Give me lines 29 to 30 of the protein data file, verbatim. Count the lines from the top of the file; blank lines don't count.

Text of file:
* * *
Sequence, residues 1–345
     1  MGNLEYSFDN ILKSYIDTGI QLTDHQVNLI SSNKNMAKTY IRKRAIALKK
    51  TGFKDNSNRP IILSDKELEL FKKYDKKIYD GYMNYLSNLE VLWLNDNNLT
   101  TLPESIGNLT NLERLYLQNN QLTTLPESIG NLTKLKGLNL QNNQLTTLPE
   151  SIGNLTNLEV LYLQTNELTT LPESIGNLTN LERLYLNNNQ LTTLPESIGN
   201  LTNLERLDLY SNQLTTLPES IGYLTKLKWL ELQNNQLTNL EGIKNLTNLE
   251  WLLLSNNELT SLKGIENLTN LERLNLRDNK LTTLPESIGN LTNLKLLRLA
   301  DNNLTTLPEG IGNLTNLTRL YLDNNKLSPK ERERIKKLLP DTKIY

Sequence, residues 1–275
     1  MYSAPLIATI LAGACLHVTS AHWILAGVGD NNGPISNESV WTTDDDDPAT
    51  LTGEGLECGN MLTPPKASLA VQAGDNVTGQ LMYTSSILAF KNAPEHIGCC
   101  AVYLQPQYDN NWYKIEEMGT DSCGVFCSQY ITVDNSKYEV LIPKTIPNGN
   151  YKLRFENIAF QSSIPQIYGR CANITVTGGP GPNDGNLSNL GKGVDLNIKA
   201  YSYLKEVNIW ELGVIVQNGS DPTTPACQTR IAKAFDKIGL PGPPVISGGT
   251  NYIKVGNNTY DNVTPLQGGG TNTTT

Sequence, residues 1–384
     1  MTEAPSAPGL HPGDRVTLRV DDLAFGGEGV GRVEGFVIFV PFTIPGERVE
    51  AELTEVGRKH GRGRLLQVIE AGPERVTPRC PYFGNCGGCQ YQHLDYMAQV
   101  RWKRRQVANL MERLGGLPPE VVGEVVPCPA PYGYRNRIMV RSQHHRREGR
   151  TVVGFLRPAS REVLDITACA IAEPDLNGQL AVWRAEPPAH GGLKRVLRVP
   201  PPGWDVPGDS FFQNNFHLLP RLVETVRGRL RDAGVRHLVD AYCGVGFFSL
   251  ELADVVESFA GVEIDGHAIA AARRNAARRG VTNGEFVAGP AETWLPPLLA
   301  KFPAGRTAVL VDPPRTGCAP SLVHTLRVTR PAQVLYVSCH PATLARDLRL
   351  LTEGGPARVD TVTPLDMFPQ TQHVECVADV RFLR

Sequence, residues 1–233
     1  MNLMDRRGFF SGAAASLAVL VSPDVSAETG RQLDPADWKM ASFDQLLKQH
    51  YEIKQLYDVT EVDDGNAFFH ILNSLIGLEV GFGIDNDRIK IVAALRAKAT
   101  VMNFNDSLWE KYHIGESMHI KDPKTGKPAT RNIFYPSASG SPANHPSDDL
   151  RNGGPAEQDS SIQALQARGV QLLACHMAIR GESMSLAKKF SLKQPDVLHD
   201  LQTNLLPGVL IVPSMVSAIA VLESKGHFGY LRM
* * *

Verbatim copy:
   151  RNGGPAEQDS SIQALQARGV QLLACHMAIR GESMSLAKKF SLKQPDVLHD
   201  LQTNLLPGVL IVPSMVSAIA VLESKGHFGY LRM